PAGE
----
Bad Girls Throughout History: 100 Remarkable Women Who Changed the World - Ann Shen (2016)
Japanese mountain climber Junko Tabei (1939-) became the first woman to climb to the summit of Mount Everest on May 16, 1975. In a sense, her ascent began when she was ten years old, when she climbed Mount Nasu with a teacher. She continued climbing while she attended college to study English literature and become a teacher. After school, she formed the first Ladies Climbing Club (LCC) in Japan in a time when women had jobs but were expected to serve tea to their male coworkers.
In 1970, Tabei led the LCC on a climb of Annapurna III that inspired them to apply to climb Mount Everest. While she was on the waiting list, Tabei’s story created a sensation, and she secured sponsorships from a newspaper and Nippon television while most people were telling her that she should stay home with her children. Her desire to mountain climb was contradictory to Japanese culture, which has a saying that the nail that sticks out gets hammered in. For the Japanese, asking questions or admitting you don’t know something is considered an embarrassment. Yet Tabei asked questions and expressed moments of weakness because this was integral to becoming a successful climber. When you’re on the mountain in extreme conditions, you have to be able to admit you need to go a little slower. When Tabei led her team of fourteen female mountain climbers up Everest, they were buried under an avalanche. Sherpas dug them out, and they continued the climb two days later, finally reaching the summit after twelve days.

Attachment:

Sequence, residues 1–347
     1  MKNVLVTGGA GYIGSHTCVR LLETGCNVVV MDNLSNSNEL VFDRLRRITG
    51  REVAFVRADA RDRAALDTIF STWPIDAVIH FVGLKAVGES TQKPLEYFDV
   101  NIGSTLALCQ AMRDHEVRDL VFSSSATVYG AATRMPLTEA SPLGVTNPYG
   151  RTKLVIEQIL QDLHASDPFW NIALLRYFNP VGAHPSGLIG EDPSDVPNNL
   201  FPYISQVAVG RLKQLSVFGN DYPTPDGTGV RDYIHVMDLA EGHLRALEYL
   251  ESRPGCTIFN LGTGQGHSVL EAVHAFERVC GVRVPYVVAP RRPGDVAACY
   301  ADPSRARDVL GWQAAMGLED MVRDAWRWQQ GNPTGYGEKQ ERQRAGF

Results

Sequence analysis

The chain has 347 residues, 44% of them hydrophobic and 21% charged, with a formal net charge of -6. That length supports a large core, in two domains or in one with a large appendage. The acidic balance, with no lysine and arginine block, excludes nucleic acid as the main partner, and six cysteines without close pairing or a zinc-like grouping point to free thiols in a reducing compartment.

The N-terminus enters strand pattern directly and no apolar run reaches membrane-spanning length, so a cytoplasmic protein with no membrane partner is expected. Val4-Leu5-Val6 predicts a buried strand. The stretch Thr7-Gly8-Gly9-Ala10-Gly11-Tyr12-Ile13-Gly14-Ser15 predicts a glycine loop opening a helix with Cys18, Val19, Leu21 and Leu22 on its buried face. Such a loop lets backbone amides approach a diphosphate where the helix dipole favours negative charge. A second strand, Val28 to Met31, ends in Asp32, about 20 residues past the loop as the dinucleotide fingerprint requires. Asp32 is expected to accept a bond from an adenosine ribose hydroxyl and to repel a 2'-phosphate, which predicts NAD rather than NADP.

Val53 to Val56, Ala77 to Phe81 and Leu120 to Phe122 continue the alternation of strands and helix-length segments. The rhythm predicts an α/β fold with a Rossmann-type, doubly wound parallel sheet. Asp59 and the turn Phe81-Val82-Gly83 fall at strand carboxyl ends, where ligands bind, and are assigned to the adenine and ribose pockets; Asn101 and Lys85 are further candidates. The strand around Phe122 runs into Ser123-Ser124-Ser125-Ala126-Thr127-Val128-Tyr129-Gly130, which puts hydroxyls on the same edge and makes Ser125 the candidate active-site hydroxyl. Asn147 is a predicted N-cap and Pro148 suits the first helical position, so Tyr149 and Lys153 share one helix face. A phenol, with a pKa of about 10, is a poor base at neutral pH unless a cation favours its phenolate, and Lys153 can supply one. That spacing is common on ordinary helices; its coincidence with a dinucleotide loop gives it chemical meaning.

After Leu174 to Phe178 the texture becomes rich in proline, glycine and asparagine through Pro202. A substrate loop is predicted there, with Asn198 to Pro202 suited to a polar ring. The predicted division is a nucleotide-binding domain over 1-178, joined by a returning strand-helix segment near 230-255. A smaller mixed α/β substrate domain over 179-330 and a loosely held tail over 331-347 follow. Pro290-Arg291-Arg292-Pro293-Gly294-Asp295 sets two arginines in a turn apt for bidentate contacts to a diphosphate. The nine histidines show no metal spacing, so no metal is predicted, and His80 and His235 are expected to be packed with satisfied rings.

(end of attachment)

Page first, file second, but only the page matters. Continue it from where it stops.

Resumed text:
In 1992, Tabei became the first woman to climb the Seven Summits—the highest point on every continent. So far, Tabei has climbed almost seventy major mountains. She’s also defied the gravity of antiquated Japanese views of women by becoming a speaker, a nature conservationist, and an inspiration to all other women who dare to be the nail that sticks out.